The Ponds School – Inclusive education in NSW schools
This case study was originally published 17 July 2020.
This case study forms part of a series on inclusive education in schools. The NSW Department of Education is committed to building a more inclusive education system, one where all students feel welcomed and are learning to their fullest capability. Inclusive education means all students, regardless of disability, ethnicity, socioeconomic status, nationality, language, gender, sexual orientation or faith, can access and fully participate in learning, alongside their similar aged peers, supported by reasonable adjustments and teaching strategies tailored to meet their individual needs. Inclusion is embedded in all aspects of school life, and is supported by culture, policies and everyday practices (Disability Strategy (2019)).
The department is committed to building the capacity of our mainstream public schools to meet the needs of their local students unless there are compelling individual reasons why a different option would better support the student. We acknowledge that this needs to be balanced against parental choice regarding the most appropriate setting for their child, and will continue to work with parents and education experts to individualise support so that every child can be engaged with learning and flourish at school (Progress Report: Improving outcomes for students with disability 2019).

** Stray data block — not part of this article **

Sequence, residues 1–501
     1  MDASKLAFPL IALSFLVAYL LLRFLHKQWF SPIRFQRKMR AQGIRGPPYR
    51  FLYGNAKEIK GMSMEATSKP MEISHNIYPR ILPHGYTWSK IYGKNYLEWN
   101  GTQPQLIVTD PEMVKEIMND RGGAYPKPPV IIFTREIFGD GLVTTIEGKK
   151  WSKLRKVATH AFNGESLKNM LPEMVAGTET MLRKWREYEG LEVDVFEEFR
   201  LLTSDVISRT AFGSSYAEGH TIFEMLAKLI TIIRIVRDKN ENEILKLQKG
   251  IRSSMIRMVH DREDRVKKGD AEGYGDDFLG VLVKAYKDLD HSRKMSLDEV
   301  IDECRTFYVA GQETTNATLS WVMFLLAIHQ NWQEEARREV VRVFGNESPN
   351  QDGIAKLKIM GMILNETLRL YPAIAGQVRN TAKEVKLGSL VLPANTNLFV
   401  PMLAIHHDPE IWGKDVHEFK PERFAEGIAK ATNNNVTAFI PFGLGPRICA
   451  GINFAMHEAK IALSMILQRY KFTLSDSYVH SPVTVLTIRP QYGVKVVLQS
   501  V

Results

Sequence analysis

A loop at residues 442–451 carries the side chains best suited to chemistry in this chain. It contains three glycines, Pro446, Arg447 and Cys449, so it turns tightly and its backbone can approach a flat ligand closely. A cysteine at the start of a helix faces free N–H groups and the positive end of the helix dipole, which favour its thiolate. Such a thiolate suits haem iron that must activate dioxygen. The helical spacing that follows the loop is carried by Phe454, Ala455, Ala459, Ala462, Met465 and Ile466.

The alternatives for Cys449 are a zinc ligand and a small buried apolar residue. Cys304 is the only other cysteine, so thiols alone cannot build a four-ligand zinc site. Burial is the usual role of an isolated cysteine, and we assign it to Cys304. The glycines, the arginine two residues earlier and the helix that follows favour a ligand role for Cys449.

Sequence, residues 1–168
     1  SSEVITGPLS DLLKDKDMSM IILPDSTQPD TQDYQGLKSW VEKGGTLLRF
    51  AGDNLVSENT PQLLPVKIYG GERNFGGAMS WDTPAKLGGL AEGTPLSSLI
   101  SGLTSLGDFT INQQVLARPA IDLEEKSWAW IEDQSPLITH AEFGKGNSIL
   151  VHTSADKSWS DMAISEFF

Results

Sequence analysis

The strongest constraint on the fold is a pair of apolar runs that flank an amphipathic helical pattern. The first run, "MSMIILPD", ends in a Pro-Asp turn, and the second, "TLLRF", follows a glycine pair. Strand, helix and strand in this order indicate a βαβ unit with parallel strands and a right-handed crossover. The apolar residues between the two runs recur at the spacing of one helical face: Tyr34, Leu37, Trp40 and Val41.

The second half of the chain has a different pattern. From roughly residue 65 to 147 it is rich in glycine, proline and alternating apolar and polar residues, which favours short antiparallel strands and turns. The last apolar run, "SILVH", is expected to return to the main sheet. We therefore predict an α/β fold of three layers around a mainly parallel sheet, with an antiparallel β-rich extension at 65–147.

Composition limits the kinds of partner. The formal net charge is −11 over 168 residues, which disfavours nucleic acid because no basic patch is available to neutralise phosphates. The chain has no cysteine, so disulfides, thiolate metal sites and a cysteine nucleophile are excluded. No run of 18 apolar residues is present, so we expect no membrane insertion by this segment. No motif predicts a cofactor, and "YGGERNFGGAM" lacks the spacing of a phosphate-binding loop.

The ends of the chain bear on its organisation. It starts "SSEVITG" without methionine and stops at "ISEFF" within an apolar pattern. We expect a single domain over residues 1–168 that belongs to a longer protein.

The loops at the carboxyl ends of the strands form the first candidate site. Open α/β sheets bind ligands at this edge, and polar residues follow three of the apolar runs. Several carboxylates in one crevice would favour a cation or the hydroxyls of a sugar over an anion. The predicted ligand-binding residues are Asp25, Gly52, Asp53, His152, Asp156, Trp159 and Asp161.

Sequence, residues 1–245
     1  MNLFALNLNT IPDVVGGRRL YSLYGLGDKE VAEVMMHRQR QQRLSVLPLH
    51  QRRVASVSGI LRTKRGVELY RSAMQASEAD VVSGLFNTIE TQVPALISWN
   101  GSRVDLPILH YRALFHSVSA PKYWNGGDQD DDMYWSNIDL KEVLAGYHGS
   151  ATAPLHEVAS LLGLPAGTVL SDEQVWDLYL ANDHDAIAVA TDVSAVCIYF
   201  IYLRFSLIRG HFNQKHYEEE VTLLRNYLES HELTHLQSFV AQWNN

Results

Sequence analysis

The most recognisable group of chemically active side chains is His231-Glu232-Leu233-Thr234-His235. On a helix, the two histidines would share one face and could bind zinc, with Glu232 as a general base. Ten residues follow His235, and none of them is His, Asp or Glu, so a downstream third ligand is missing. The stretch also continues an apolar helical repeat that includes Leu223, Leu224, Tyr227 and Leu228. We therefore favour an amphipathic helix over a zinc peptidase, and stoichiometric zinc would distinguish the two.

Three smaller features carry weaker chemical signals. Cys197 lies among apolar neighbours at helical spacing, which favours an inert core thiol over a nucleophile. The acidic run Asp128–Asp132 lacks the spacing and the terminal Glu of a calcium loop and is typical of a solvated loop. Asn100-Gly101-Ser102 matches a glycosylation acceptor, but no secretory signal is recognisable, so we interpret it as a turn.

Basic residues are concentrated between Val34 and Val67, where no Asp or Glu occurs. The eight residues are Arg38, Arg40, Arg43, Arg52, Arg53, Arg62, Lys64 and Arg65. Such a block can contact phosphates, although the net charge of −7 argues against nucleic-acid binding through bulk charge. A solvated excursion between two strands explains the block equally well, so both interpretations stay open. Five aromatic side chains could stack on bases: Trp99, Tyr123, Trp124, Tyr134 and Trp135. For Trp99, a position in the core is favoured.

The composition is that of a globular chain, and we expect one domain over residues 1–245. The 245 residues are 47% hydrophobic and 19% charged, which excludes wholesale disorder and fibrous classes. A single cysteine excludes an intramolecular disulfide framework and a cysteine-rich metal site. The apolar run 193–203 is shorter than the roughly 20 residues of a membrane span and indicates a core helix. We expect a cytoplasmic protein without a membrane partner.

The Ponds School enrols students with moderate to severe intellectual disability and is located in Sydney’s north west. In addition to intellectual disabilities, many students also have physical or sensory disabilities and other health care needs. The school opened in 2012, with 24 Kindergarten students in demountable buildings. In 2019, the school had grown to 110 students in Kindergarten to Year 10 who attend school in a new, purpose-built site. Half of the school’s students (51%) are from a language background other than English and almost one in ten (8%) are Aboriginal and/or Torres Strait Islander.